One amazing thing about Vim that is helpful and essential is vimtutor. Vimtutor is a multi-lesson tutorial on how to use and gives you important commands to use Vim. Each lesson have many parts to it. If you go through the entire tutorial, you will be about to effectively use Vim. There is a learning curve though. It takes a while to get use to, but after practice with Vim and using Vim, you’ll be a pro.


Above is the beginning of vimtutor.



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Accessing and Using Comet

Comet is the super computer center in San Diego that I’m using to run molecular dynamics simulations. In order to use the super computer in San Diego on your local computer, you have to use a ssh client and a scp client. Since I am wirking on a Windows computer, the ssh client I used was PuTTY and the scp client I used was WinSCP. There are different programs to use on other operating systems. All you have to do is sign into your comet account on PuTTY and WinSCP, and you have access to the things in your comet account and the super computer.

The ssh client, PuTTY, is the program that allows you to communicate directly to the super computer. PuTTY on your local computer connects the remote computer, comet. When you are typing in and navigating PuTTY, you are typing in and navigating comet. The actual molecular dynamics simulations are done in PuTTY.

The scp client, WinSCP, is the program that allows you to transfer files from comet to your local computer. You can easily transfer files back and forth, from local to emote computer in a short period of time.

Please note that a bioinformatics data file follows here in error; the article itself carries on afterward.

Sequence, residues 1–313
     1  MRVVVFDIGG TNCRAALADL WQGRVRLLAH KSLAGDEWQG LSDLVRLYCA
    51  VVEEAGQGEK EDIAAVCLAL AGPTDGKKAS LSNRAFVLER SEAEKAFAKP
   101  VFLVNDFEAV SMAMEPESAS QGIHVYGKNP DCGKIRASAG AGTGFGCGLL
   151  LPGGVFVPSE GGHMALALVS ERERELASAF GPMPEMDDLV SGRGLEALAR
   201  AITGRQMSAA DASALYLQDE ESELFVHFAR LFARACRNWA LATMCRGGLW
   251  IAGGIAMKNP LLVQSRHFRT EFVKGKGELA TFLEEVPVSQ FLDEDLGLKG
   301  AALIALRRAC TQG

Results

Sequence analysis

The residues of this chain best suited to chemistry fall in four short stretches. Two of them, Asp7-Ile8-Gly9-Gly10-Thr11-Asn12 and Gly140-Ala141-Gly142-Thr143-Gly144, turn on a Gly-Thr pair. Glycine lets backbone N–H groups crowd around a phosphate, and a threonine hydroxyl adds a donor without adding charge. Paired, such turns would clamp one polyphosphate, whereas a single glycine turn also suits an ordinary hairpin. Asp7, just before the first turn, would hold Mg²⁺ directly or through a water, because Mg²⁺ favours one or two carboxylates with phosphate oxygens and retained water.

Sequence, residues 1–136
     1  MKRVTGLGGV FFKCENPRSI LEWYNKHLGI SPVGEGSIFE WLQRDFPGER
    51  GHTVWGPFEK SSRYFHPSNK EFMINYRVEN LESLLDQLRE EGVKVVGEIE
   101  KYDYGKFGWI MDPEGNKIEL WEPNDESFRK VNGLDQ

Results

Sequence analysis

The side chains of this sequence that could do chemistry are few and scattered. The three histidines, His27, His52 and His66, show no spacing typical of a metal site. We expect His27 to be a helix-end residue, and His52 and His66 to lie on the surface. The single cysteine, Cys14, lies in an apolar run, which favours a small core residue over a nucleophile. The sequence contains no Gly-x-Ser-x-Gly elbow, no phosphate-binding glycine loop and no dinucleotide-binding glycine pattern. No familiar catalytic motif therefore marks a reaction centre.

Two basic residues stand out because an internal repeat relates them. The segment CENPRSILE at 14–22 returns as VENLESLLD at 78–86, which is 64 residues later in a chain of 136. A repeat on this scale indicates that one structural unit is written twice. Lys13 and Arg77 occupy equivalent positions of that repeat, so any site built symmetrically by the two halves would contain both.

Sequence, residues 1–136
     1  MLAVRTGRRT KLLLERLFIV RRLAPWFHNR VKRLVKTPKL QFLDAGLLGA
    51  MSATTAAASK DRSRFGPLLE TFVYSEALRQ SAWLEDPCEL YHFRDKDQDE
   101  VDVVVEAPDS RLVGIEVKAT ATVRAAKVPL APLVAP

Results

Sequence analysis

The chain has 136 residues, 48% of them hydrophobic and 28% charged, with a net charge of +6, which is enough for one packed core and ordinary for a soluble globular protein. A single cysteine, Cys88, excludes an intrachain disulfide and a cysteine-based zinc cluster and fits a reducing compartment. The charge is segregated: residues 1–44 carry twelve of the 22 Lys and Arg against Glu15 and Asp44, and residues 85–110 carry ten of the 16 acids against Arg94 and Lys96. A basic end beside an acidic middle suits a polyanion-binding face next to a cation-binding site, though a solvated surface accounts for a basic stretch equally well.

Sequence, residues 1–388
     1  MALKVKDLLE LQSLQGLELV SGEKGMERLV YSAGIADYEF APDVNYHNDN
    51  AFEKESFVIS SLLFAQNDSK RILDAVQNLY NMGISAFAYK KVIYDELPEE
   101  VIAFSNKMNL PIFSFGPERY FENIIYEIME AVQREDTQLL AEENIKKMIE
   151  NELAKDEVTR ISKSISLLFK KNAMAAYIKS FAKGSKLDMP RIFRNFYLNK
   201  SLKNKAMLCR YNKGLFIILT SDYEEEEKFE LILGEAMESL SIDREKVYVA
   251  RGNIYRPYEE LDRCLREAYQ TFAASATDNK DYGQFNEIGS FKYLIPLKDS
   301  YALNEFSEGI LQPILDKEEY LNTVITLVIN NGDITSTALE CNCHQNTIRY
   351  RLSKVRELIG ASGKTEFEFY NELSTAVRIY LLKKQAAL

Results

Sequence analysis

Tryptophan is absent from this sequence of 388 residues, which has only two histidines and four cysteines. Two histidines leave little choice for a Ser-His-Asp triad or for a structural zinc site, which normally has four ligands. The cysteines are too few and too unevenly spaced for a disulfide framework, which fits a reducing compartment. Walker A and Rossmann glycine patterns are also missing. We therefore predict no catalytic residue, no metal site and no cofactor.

To learn how to use comet, I had to learn how to use PuTTY and WinSCP. Also, I needed to learn basic linux commands because in PuTTY you use linux commands to control comet. Linux commands like mkdir, cd, cp, mv, and ls are really essential and used a lot. mkdir creates a directory, cd changes the directory, cp copies files, mv moves files, and ls lists the files in the current directory. I think the nohup command followed by the & at the end of job was most useful so far because it allows jobs to run in the background without hanging up. This allows you to run other jobs or do other things without stopping the job. WinSCP can be used like any other file manager program, no linux commands needed.

An example of the nohup command to run a trajectory:
nohup mpirun -np 4 sander.MPI -O -i mdin -p -c 3beq.crd -r 3beq_md.crd -x md.trj -o md.out &

Comet allows me access to AMBER, which lets me use tleap, sander, and cpptraj. Those are programs are essential to running molecular dynamics.

PuTTY and WinSCP